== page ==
Microsoft made Beta 2 of SCCM 2012 available last week. Because I do a lot with App-V, I needed to get this up and running in my lab. This is a “first look” report. SCCM 2012, which is anticipated to be released in the 4th quarter of 2011, is a major overhaul of the product.
I’m not much of an SCCM guy; I’m more of an App-V guy but I work with SCCM because the SP2 release of the 2007 version added support for deploying App-V applications. Looking from the perspective of customers that were using the App-V Management Server to deploy virtual applications, even if they were already using SCCM to deploy traditional installed applications, using SCCM 2007 SP2 to deploy virtual applications was a step back. Especially for all of the customers deploying App-V on Terminal Servers and Citrix XenApp/Presentation Server, the implementation was too limiting. Most important was the inability to target and deploy to only certain users on a machine, and not have all users receive access to the virtual application. For those considering Migrating for desktops, the difference in deployment time for a virtual application was also a show stopper, although this was truly an emotional issue rather than a practical one. So I opened up the 2012 beta and played with it will suspicion.
So far, I am impressed. One immediate change, SCCM 2012 will only work on an x64 OS, and it requires 2GB ram minimum. Now I know the old SCCM had high memory minimums, but this one means it. Being a lab test machine, my OS also included the Sql database on the same VM, but the machine pretty much uses the full 2GB ram. I have been running it on the new Hyper-V, which allows it to grab more memory as it needs to, but with only a few machines to be managed it peaked at nearly 3GB. So don’t skimp on RAM. Oh, and you need the new App-V 4.6 SP1 release to work with SCCM 2012. I’m guessing that Microsoft had to make a couple small changes in the App-V client to support this release.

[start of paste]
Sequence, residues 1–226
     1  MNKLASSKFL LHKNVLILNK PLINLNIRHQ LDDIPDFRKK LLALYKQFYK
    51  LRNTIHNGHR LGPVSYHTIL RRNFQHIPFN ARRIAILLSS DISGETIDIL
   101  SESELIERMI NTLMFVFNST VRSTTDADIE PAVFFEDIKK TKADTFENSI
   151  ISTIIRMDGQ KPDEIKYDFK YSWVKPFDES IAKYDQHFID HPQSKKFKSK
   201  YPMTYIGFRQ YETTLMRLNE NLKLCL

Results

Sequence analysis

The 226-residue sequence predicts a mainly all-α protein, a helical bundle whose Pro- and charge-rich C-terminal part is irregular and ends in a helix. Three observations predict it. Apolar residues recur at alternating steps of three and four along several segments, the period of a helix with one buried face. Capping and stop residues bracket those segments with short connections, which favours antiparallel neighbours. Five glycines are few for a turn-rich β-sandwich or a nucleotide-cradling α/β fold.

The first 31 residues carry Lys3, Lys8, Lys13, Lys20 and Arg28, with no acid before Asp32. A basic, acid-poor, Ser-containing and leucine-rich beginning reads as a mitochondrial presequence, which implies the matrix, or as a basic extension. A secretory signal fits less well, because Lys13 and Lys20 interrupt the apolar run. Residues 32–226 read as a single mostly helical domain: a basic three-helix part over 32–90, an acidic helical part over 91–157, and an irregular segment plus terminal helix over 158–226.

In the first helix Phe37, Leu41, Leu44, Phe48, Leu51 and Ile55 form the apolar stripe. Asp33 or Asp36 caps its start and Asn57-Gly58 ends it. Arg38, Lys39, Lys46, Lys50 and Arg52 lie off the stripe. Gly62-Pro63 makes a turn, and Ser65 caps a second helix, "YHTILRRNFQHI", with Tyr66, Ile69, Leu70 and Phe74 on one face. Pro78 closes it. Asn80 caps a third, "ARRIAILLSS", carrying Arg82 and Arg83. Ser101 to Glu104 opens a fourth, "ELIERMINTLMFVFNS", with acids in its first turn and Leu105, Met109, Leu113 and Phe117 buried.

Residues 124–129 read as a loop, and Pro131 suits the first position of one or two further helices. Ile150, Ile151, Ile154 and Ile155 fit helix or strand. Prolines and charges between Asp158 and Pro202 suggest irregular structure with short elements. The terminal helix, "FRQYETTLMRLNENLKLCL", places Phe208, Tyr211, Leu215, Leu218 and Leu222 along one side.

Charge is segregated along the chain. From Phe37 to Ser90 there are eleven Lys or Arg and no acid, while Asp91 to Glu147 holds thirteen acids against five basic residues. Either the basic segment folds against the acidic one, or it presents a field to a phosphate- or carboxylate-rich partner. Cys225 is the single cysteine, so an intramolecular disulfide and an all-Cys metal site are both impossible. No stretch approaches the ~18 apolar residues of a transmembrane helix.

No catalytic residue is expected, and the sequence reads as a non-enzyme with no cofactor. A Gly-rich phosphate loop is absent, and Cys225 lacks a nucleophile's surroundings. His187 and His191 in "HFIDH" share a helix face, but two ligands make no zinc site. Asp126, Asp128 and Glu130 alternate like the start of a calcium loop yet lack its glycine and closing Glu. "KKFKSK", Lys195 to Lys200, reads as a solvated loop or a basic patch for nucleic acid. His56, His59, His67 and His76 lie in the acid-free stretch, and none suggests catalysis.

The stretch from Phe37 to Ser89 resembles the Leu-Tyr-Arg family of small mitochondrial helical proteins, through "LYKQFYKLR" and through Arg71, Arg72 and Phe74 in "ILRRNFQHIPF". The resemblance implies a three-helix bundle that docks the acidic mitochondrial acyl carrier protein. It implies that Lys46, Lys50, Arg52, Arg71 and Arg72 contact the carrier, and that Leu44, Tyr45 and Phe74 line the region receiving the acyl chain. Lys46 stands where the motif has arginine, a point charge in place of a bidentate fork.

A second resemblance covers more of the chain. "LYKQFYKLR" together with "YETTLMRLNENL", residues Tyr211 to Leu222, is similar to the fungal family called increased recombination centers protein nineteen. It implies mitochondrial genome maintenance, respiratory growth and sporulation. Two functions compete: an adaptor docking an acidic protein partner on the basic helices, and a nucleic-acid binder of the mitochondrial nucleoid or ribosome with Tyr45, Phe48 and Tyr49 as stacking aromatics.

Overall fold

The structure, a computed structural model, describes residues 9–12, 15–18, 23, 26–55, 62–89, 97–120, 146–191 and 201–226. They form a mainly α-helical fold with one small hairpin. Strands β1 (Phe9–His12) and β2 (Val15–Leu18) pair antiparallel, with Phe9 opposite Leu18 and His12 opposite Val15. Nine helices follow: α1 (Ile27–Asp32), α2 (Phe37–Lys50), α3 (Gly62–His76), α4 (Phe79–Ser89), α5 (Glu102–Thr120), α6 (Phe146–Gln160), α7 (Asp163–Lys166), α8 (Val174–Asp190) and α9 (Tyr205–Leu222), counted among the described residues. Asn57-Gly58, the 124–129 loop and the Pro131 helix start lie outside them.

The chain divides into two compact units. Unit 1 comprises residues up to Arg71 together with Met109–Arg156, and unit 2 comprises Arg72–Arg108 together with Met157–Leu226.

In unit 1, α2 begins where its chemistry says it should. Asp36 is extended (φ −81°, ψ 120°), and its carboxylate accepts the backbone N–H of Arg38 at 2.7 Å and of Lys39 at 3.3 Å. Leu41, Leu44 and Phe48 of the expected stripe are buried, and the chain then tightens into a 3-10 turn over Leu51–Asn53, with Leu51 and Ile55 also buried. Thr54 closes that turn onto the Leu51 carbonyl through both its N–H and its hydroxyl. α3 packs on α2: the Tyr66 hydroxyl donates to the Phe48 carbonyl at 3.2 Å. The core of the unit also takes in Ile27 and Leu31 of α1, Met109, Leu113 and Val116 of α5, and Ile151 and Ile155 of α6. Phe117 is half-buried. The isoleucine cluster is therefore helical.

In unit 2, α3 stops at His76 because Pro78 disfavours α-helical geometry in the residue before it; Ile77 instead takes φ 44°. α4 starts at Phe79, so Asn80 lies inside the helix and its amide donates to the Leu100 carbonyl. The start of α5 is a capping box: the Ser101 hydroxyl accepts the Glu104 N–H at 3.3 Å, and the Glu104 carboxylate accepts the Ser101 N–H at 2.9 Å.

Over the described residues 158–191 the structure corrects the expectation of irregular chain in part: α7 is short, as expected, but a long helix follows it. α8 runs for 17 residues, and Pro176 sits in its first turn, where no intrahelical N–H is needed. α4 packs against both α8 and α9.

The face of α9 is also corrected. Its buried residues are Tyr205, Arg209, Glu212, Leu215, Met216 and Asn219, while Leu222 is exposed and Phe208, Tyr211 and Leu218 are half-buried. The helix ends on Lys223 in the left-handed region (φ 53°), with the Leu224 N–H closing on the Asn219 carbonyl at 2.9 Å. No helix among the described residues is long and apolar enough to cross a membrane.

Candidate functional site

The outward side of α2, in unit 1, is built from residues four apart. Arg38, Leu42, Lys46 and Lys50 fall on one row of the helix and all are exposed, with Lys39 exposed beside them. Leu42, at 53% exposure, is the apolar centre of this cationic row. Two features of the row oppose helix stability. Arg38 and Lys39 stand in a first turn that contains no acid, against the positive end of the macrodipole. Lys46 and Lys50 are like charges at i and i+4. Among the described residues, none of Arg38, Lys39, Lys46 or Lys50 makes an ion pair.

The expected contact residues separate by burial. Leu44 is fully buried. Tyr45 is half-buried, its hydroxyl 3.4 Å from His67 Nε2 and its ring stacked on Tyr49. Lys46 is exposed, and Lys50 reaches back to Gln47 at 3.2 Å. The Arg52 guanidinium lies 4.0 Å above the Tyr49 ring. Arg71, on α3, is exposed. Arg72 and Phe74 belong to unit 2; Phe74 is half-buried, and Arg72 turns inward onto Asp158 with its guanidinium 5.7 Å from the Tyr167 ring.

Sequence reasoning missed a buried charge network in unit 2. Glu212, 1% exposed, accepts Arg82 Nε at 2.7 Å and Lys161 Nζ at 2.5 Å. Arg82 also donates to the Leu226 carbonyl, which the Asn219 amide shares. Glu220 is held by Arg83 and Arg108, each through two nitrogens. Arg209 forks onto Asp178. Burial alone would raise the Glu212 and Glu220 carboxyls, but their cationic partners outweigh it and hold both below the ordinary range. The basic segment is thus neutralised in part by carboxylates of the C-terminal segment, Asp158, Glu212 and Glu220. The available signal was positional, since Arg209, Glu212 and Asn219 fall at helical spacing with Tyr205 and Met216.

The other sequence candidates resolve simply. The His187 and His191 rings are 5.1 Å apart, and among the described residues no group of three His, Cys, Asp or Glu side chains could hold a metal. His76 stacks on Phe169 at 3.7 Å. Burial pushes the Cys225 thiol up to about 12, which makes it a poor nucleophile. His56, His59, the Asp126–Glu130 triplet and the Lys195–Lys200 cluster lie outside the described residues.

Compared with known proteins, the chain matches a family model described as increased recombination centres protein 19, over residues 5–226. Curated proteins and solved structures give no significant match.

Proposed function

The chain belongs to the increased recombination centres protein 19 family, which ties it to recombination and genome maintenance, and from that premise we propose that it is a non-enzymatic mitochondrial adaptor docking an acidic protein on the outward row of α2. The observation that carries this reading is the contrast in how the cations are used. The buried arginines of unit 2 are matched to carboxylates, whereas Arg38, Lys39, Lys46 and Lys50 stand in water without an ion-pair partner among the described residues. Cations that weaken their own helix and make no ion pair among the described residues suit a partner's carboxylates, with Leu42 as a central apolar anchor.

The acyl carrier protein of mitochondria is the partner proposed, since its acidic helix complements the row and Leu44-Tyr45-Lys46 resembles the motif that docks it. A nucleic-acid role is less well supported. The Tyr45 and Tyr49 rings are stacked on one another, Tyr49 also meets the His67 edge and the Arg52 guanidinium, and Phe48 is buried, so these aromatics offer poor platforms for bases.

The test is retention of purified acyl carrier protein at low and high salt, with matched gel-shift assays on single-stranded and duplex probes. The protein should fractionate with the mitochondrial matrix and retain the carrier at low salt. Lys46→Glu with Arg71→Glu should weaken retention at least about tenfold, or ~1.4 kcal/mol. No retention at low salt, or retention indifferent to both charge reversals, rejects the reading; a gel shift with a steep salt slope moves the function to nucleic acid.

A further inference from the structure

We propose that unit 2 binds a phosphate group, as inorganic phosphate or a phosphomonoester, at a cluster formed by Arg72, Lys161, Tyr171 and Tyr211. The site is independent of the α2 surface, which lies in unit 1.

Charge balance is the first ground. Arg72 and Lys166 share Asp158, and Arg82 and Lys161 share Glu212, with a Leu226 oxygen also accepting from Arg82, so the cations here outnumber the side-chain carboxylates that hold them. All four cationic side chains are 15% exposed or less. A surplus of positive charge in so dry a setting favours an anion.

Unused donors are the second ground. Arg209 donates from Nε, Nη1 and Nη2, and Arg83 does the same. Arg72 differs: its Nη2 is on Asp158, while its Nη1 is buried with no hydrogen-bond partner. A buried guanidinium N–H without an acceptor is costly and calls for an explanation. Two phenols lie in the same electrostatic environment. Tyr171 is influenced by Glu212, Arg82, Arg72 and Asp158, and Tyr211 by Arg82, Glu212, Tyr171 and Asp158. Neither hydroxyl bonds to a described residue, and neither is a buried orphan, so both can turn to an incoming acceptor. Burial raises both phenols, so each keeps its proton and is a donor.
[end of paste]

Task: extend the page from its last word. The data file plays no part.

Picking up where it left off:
The UI for 2012 has been revamped in this version. In the old version, there was always a lot of clutter to scroll through to find what you needed for an operation. And it seemed that for any operation you wanted to do, there were always two or three ways to do it. The new UI is more organized and much easier to use. Some of the terminology changes, but once you get the hang of it, it seems much easier. I won’t go into details, but here is a typical screen shot.
For me, most important in this release is that SCCM now treats User identities as first class citizens. Much like device (system) discovery, users and user groups can be discovered from Active Directory. As applications are defined, these applications can be assigned to either a user or device group. And while you could assign SCCM packages to users in the old version, with this new version when you assign to the user you have a choice of deploying to all users on the OS or only that specific user. In the screenshot below, we can see that the WinZip App-V package has been assigned to a user group collection. The compliance field has a value of 20% because only one of the five users in that AD User Group has his system turned on. SCCM will naturally learn from the Client SCCM client when someone logs onto a device, just like always. SCCM 2012 also supports associating users with devices in the database, so that user based deployments can happen overnight even if the user isn’t logged in (as long as the device is powered on and available).
I tested the per user deployment on a Windows 7 machine. I can’t test against a terminal server because Microsoft still hasn’t released the required App-V 4.6 SP1 RDS client yet. But with WinZip deployed to the user group above, I logged into the Windows 7 machine using the credentials of a user in that group and verified that the virtual WinZip package was deployed and worked. I then logged out of the machine and back in as a different user that was not in the user group. I verified that the virtual application was not available to that user. Exactly what we wanted!